In February 1915, the College’s Trails and Byways Committee—an organization that would soon become the Williams Outing Club (WOC)—organized an afternoon of winter sports competition. “Ideal weather conditions favored the first annual ski and snowshoe meeting”, Registration reported in its March 1, 1915, issue. Ten College students took part in the competitions that would soon become a staple of the season: the Winter Carnival.
The Winter Carnival has always been “a tribute to winter,” said Peter Hillman ’75, an alumnus who still remembers the annual festivities from his time at the College more than 40 years ago. At the start of the carnival, its main event was a ski meet between New England schools, including Dartmouth, Middlebury and the University of New Hampshire, according to the WOC website. “It was the only time in the season when you saw your peers who were [varsity] skiers, and they were amazing,” Hillman said.
But over its century-old history, this late February weekend has come to include so much more than just watching the ski team compete: friendly competitions between residences, original winter activities and competitions, shows and catered meals – unified by a single theme. chosen for the event by the WOC.
Although the practice was abandoned in the past two decades due to unreliable winter conditions, ice sculptures were an important part of past winter carnivals. Each dwelling house sculpted statues made entirely of the snow they could find, drawing inspiration from the design of the year’s theme. Katie Scott ’82 remembered the year when the carnival theme was Alice in Wonderland. “[Mission] had Tweedledum and Tweedledee, there was Alice in front of Morgan, the Caterpillar on the Mushroom in front of Thompson Chapel, Mad Hatter from Greylock, the Rabbit Going Down the Hole behind Dodd, and Humpty Dumpty in front of Perry House,” she mentioned. According to Scott, students would pour water over their creations before going to bed, hoping the water would freeze overnight to preserve the sculptures for as long as possible.
“It’s something I can imagine every Williams student from that period remembers,” Hillman said. “There was a very strong tradition of artistic and creative ice sculptures, and it was a competition.”
The winter carnival was also the occasion for more refined dinners than the students expected from the dining halls. “The dinners were special and something you looked forward to in your house, because – you know – residential food would become a bit [repetitive] after a while,” Hillman said.
Scott remembered that each house held its own banquet. “We had fancy dishes, and they were laid out on the tables — not cafeteria-style,” she said.
According to Hillman, some residence halls allowed students to invite a small number of guests to their dinner party. “I had a few friends inviting me to Dodd House – that’s where you wanted to go,” he said. “It was the old Williams Inn – perfectly set up for a good dinner.”
To fill the weekend schedule, students also participated in less traditional winter activities. A 1996 Winter Carnival program includes a broomball competition – a version of ice hockey played with shoes instead of ice skates. If there was enough snow, students would find new ways to hit the snowy slopes. “‘Traying’ has become a professional sport,” Hillman said, referring to students’ use of dining hall trays as sleds to race down hills on campus.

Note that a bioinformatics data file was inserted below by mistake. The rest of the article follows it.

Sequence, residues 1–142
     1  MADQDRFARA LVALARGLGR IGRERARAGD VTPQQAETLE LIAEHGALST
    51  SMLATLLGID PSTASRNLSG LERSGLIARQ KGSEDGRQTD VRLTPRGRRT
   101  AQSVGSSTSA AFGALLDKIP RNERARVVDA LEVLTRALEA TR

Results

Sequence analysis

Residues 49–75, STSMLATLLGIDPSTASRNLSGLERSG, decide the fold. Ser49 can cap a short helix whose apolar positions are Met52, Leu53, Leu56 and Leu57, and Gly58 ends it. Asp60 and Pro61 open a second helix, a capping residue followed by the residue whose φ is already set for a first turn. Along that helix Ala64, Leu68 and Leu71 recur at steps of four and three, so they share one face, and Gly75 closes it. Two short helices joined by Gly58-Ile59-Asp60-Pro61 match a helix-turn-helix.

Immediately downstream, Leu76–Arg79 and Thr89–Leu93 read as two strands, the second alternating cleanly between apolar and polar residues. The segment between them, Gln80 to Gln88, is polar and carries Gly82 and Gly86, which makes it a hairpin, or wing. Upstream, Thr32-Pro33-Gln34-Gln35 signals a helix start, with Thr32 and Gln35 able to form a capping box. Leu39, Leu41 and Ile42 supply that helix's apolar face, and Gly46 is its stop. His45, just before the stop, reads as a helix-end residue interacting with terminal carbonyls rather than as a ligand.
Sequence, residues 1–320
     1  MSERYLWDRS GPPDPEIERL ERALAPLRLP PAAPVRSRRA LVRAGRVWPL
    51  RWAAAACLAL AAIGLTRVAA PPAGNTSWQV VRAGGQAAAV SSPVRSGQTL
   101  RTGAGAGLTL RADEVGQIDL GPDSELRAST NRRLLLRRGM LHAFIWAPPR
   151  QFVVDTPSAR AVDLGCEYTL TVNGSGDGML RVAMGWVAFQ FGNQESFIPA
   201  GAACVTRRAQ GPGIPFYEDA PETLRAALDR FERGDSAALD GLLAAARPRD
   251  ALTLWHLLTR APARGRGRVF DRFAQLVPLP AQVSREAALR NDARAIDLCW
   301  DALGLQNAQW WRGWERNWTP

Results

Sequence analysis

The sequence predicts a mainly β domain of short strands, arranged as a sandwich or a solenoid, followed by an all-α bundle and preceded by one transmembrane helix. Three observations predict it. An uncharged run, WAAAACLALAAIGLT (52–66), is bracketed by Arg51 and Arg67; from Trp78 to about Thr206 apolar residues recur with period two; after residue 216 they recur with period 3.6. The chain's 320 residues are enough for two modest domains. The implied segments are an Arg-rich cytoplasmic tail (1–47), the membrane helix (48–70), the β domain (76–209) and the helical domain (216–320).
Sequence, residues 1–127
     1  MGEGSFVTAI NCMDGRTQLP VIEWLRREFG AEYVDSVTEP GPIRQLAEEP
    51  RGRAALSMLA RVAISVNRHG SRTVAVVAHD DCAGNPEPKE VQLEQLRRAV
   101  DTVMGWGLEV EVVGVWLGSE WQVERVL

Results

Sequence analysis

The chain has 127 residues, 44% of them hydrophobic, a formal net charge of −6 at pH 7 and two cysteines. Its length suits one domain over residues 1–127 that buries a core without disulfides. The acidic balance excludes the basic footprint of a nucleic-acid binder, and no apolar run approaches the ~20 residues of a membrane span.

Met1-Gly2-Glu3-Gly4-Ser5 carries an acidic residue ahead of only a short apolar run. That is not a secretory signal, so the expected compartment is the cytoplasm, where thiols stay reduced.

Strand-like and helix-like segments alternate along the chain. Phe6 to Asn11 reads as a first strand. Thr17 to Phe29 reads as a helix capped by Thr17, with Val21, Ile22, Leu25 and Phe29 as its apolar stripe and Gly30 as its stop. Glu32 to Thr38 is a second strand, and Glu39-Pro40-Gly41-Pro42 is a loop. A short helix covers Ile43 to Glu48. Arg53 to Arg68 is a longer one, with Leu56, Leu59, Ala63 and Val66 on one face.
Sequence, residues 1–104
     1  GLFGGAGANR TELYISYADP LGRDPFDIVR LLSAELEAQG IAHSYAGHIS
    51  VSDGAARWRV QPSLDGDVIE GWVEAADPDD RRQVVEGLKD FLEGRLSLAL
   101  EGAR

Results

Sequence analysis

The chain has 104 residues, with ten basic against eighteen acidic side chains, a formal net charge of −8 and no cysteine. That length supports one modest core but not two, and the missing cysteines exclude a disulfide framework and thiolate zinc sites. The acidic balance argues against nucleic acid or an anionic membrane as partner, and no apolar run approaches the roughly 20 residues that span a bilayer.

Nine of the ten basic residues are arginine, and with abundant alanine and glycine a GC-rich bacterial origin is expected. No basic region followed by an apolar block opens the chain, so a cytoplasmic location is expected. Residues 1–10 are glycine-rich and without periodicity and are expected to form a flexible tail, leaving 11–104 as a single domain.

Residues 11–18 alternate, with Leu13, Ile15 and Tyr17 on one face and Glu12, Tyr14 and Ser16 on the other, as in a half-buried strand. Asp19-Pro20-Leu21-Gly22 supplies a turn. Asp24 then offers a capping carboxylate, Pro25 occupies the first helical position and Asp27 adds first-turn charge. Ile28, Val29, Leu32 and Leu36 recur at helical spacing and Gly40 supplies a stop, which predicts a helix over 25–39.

A Registration 1916 article reported an activity in which a participant was pulled on skis by horses. “The ski joëring races, embellished with a few small accidents, easily enlivened the afternoon.
Program Archive and Registration bringing back even more fun details in winter: banana eating contests, jazz concerts, bobsled races, fireworks, film screenings and even a beauty contest. “There was no way to take advantage of half of these things,” Hillman said. “That was the goal – to spread it and try to have something for everyone.”
While the day was filled with healthier activities, winter carnivals have always been characterized by a late-night party culture. Many years, All Campus Entertainment (ACE) was planning a concert for the students. Hillman recalls The Byrds were scheduled to play in the early 1970s, but had to cancel due to extreme weather conditions.
However, each house also hosted its own parties, sometimes with DJs and jukeboxes, according to Hillman — a tradition that continued long after his time in College. A Registration 2001 article reported “At Perry House, the Humming [a campus band] performed live while Currier House featured a DJ and danced. Over 675 cubic feet of packing peanuts were used to cover the floor at the Spencer House party.
And, of course, these parties would include the consumption of alcohol, sometimes even to the knowledge of the College. Like a 1951 program read on the cover, the event was an “Invitation to Participate in an Intoxicating Weekend” – the Carnival theme of that year. “There was a lot of heavy drinking Friday through Sunday morning,” Hillman said. “There was a beer blowing contest every year. And it was, I must say, the most anticipated [event].”
The winter carnival has become a welcome opportunity for students to leave school stress behind for the weekend. “It came at the right time at the start of second semester, where you had just enough time with your second semester classes to know it was going to be another killer workload, but you weren’t that far off from studying. winter when you felt looser and more playful,” Hillman said. “It was an opportunity to capture some of the last vestiges of that winter study feeling and let loose without that mid-term exams. -course, final papers or graduation do not arrive.”
This year’s Winter Carnival – which will be Charlie Brown themed – will be held February 17-19, and there will be a variety of student performances and winter activities for students and staff.